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Part of Big Data's problem is it hasn't had the expected impact. That's because results don't just come from technology. "The reality is it's not simply a revolution in technology," said Erik Brynjolfsson, a professor at The Sloan School and director of MIT's Center for Digital Business. "To be successful [with big data] there needs to be a revolution in management and decision making and marketing and manufacturing, ultimately a revolution in our culture and the way we make decisions. So far that hasn't been happening in the way it needs to happen."

So CIOs can be forgiven for not changing the world just yet.

But it will change. Broadcom CIO William Miller, Jr. told Information Week that his company gathers petabytes of data on the simulations it runs when developing new products. It has done little with that data in the past, but as chips get denser and more expensive to develop, Broadcom is using that data to help change its process.

"I can start laying out future chips in time with necessary resources to be optimally productive," Miller said. "Maybe if I schedule resources differently I can build more chips. But if I can't mine that dataset from the past, I'm not as smart going forward."

He also said that he wants to get to the point where individual users can easily access all that data and parse it for themselves. That democratizing of data is something he thinks will be hugely important for companies.

"Hell no, I'm not there today! If anybody tells you they're there today, they're probably trying to sell you software that does this," Miller said.

CIOs need to expect that we'll get there, said Andrew McAfee, principal research scientist at MIT's Center for Digital Business, co-sponsor of the CIO Symposium. He concluded the day's events by telling the 700 or so attendees that these are the early stages of a new Machine Age that will rival the impact of the first Machine Age, following the development of the steam engine.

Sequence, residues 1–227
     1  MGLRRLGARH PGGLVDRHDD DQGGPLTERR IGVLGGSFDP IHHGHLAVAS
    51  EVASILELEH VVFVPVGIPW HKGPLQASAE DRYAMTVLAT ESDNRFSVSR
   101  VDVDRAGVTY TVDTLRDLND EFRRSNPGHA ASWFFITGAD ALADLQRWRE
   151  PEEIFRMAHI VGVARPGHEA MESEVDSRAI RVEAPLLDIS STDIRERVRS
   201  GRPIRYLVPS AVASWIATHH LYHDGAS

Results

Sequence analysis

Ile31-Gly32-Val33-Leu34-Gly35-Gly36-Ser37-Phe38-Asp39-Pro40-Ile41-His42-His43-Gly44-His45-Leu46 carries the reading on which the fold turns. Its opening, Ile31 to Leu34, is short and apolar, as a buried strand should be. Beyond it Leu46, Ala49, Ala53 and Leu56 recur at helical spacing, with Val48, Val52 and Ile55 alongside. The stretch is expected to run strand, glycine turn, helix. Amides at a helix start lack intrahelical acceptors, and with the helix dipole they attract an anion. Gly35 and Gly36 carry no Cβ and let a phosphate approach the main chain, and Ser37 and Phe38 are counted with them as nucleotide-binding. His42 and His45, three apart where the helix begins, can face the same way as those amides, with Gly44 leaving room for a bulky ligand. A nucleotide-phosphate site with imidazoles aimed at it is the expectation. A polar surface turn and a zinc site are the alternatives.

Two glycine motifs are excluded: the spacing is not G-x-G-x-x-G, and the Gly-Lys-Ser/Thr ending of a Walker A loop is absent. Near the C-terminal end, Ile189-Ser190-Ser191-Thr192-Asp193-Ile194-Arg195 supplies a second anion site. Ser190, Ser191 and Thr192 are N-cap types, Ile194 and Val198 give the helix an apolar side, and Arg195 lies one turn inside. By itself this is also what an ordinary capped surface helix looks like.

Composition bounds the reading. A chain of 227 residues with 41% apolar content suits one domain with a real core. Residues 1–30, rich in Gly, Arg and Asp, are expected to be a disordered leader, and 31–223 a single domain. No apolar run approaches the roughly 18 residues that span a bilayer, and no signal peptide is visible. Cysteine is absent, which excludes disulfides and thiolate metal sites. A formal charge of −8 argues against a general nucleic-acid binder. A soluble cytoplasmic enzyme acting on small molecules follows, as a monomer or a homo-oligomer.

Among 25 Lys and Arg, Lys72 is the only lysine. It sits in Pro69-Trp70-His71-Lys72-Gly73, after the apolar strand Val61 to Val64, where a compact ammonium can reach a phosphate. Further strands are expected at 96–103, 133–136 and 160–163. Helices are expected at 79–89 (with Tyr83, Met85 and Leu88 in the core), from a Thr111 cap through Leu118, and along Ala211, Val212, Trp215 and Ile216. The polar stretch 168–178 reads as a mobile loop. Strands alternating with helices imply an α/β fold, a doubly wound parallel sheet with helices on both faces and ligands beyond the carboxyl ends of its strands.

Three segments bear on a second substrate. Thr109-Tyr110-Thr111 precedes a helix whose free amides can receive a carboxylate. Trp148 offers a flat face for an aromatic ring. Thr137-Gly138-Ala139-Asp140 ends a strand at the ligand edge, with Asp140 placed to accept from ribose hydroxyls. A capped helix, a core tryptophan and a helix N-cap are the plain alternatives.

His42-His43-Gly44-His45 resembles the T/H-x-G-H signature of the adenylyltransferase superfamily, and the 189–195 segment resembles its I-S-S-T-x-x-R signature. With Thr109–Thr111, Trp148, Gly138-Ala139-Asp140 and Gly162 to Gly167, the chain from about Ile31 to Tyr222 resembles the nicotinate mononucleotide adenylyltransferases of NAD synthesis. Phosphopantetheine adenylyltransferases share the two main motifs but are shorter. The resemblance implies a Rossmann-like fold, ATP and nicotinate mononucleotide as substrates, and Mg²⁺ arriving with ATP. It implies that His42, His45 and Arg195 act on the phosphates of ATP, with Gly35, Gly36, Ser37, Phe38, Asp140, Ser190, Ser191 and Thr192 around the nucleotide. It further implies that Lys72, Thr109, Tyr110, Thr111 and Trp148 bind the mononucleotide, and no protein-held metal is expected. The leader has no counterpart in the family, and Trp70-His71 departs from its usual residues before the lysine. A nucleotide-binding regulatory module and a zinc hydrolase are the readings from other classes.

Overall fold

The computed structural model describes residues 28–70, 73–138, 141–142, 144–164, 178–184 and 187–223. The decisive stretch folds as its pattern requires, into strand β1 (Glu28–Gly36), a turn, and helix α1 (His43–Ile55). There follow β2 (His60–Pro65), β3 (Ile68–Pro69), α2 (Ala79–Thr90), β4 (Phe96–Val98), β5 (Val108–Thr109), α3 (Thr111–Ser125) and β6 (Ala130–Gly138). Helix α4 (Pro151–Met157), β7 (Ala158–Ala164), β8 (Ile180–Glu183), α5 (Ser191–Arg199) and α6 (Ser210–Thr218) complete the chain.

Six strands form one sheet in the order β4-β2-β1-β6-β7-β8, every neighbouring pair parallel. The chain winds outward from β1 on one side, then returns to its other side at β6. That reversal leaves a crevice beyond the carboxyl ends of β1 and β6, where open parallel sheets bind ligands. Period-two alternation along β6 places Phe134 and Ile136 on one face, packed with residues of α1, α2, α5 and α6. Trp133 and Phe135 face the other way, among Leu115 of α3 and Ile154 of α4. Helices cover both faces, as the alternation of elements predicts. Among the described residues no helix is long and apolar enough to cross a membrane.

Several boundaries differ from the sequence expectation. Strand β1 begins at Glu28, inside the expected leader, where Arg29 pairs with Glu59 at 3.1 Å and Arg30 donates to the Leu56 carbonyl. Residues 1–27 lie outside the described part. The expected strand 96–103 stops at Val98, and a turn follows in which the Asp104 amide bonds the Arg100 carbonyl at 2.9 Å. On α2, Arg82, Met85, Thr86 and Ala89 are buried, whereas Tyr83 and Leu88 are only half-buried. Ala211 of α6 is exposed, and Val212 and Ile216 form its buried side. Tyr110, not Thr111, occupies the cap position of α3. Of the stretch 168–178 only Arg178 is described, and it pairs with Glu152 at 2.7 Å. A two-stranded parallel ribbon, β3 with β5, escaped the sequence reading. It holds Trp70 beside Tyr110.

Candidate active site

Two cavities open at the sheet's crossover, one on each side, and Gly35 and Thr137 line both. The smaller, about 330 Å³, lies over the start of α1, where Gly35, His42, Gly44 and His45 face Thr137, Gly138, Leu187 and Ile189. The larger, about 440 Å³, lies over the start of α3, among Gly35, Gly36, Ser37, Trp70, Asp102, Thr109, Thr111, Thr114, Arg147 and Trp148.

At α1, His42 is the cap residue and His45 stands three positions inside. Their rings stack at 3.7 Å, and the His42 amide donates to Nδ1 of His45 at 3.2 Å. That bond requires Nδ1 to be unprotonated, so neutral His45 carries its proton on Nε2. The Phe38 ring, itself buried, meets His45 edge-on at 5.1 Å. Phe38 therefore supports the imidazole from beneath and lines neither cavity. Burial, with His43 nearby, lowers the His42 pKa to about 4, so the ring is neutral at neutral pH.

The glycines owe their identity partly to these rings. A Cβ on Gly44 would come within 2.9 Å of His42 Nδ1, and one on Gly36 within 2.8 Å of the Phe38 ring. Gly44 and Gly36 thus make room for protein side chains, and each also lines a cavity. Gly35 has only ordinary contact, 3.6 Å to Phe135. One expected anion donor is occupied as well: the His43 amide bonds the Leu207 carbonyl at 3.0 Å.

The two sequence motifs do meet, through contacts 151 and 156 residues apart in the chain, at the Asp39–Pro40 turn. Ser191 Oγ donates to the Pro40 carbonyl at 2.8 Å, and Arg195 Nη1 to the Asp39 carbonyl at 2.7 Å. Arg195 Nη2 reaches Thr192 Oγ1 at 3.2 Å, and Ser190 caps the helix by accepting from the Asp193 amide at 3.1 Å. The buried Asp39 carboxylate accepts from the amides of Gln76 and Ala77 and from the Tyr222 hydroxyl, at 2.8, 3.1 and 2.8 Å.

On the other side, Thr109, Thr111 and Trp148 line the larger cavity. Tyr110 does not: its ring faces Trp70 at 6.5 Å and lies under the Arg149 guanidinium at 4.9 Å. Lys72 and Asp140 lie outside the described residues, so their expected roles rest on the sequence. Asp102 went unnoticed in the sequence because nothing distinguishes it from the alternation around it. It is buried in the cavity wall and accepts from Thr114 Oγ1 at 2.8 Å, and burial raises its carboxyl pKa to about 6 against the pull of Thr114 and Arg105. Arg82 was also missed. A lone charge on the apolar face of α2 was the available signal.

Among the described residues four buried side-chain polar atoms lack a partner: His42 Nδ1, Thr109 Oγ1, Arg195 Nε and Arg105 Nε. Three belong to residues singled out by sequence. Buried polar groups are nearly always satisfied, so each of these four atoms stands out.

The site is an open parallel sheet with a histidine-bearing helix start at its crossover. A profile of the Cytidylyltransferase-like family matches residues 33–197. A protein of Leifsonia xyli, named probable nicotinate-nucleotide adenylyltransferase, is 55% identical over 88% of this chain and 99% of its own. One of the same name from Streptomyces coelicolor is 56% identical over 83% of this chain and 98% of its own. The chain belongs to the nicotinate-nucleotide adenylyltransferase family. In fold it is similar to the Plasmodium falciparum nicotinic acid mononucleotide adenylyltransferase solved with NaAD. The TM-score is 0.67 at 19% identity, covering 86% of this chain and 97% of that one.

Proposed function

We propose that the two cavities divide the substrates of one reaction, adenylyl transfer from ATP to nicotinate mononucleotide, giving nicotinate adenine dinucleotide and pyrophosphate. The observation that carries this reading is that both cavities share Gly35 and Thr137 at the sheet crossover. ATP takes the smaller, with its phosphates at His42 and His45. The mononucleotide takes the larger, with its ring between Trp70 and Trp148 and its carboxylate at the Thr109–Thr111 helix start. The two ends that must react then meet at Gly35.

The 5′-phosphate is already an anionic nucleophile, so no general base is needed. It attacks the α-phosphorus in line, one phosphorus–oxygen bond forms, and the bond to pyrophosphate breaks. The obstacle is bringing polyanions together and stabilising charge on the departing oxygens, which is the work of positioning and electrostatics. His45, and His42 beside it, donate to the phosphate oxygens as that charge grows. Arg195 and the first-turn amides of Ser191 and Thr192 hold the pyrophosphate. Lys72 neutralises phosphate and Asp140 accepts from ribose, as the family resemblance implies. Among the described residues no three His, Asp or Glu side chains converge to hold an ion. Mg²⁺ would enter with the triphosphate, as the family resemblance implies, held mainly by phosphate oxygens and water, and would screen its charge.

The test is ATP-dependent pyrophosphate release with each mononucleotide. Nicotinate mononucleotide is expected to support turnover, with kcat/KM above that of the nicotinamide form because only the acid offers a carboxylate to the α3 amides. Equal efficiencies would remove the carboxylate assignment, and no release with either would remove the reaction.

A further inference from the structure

CIOs also need to brace themselves. McAfee put up a slide showing that only a third of companies that were prominent in 1905 maintained their market leadership after the end of what he called the Trust era. He thinks the same will happen to companies now.

"We're going to see pretty parallel levels of disruption going on, country after country, sector after sector," McAfee said.

CIOs, then, need to be as agile as Eliza in Uncle Tom's Cabin, jumping from ice floe to ice floe to cross the Ohio River.

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User Rank: Apprentice
5/30/2013 | 2:28:08 AM
re: CIO Tough Love: Agility Demands Increasing
CIOs definitely need to be agile and able to adapt to technological changes, and apply these changes to their needs. Not only are there technological changes that are happening, but with the prevalence of technology in our culture soon there will be change in the entire healthcare industry from providers, vendors, and even patients. Getting patients more involved in their healthcare and shifting the focus of patient care to minimize that amount of time the patient spends in the hospitals or clinics is part of this cultural shift.

Jay Simmons
Information Week Contributor